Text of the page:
Wall Street is buzzing about the Treasury's plan to exit its massive TARP "investment" in Citigroup (NYSE: C). Most people assume it will sell its 27 percent stake via some sort of preset trading plan that will lock the government into a schedule for selling its shares. A formal announcement is expected at some point.

What remains a little murky at this point is what Treasury's thinking is. On one hand, the time may be ripe to sell its stake. Its shares have surged in to value at around $33 billion. So the stock sale would be massive. Reuters notes the only stock offering that comes close was made by Japan's Nippon Telegraph and Telephone, which raised $36.8 billion in 1987. But that was more of a traditional IPO. This would be more of a staggered sale along 10b5-1 lines. Still, this is a massive undertaking. And bragging rights may be on the line. J.P. Morgan Chase (NYSE: JPM), Morgan Stanley (NYSE: MS) and Goldman Sachs (NYSE: GS) are among those angling to be named underwriters. According to the Washington Post, Goldman Sachs has offered its services to the Treasury at almost no cost, industry officials familiar with the matter said. This recalls to some extent the IPO of Google (Google news), which banks felt they just had to be a part of somehow.

Would exiting the investment prove a wise move now? Many people are inclined to say yes. One expert told the Post, "This is just an incredibly bullish sign." The thinking is that a successful sale would validate the bailout plan that has generated so much controversy. It's unclear how much the sale would generate, but it just might represent a nice profit on the government's "investment." The Washington Post estimates the profit at $8 billion.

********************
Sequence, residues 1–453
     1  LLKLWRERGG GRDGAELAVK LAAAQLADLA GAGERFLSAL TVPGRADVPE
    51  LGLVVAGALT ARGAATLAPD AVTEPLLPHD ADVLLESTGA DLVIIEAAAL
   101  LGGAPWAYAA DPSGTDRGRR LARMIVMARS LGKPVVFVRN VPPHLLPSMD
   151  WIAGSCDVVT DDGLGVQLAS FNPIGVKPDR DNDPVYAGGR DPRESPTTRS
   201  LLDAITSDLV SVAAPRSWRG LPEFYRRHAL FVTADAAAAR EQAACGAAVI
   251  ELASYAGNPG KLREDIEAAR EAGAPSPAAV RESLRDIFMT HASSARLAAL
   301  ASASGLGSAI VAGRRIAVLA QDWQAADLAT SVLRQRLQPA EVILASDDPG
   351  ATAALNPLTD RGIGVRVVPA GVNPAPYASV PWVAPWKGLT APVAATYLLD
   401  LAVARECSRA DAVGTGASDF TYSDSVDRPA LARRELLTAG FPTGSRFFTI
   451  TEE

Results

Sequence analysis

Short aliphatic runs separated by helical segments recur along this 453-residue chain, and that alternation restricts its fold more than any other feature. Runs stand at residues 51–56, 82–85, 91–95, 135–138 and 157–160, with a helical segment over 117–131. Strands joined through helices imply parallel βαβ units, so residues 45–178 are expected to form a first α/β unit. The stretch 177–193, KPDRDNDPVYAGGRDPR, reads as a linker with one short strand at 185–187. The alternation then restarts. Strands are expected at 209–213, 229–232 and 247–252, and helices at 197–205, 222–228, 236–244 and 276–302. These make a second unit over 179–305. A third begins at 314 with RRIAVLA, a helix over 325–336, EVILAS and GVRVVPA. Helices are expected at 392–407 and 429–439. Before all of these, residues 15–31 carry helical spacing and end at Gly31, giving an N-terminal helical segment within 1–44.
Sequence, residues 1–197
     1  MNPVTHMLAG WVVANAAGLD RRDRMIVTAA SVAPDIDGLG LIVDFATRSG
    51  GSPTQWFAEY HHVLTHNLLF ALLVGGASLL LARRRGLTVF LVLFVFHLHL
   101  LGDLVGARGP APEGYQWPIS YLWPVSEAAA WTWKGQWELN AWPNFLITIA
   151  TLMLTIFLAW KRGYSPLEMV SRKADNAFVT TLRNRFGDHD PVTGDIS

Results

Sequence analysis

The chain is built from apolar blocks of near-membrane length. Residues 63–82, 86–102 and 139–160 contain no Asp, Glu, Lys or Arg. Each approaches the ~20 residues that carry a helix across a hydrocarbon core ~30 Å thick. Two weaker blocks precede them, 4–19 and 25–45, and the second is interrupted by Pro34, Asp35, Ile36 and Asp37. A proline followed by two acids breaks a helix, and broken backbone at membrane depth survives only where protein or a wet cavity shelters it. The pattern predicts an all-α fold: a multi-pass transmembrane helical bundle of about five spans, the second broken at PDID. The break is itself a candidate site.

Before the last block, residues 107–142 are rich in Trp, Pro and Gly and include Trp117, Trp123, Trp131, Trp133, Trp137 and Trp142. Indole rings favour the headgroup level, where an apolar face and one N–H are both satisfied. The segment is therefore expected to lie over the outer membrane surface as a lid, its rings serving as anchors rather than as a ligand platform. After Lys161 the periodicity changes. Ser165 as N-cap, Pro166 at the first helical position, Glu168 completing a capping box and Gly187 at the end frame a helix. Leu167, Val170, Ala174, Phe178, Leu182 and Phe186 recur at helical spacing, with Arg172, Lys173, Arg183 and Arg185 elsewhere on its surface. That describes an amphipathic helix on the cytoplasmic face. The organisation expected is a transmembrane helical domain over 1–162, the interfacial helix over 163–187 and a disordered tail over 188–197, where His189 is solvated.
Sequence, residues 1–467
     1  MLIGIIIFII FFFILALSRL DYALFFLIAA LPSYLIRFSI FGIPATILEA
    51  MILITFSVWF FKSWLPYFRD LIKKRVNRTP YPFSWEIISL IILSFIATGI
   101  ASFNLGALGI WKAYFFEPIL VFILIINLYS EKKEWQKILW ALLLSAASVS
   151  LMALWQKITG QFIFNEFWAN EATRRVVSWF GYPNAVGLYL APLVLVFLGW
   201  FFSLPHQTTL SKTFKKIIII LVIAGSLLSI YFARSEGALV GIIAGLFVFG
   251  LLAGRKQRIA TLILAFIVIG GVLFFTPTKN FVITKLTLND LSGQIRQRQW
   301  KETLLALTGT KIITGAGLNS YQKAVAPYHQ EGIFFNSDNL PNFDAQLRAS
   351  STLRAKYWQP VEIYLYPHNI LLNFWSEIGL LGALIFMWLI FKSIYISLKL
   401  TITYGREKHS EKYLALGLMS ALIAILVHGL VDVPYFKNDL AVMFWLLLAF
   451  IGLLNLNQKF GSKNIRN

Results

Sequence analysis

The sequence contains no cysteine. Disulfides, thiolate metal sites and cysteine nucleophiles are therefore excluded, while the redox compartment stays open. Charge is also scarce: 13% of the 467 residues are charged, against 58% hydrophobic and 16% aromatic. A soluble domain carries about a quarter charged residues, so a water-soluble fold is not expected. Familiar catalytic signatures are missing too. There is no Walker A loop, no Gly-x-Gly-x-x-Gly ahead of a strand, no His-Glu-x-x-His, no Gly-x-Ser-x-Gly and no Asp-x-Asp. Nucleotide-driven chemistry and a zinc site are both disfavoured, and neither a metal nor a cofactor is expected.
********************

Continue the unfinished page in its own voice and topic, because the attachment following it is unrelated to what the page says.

Another view, however, is that the Treasury is selling too soon. Several analysts think the value of the stock is heading north. And some think the government could net even more if it were to wait. One expert goes so far as to say that "the Fed and Treasury know more about the Citi balance sheet than analysts or investors, so a sale now represents a vote of "no confidence" in the bank and the credit markets."

There's no way of knowing of the stock will collapse in the near future, of course. It may be wise for the government to sell out now. A Sandler O'Neill analyst says a definitive TARP exit move by the government might spark more interest by institutions. Such a move could reduce fears that CEO Vikram Pandit (Vikram Pandit news) is merely a tool of the government. Another thing, it would end the fear that the government will dump shares at super-low prices.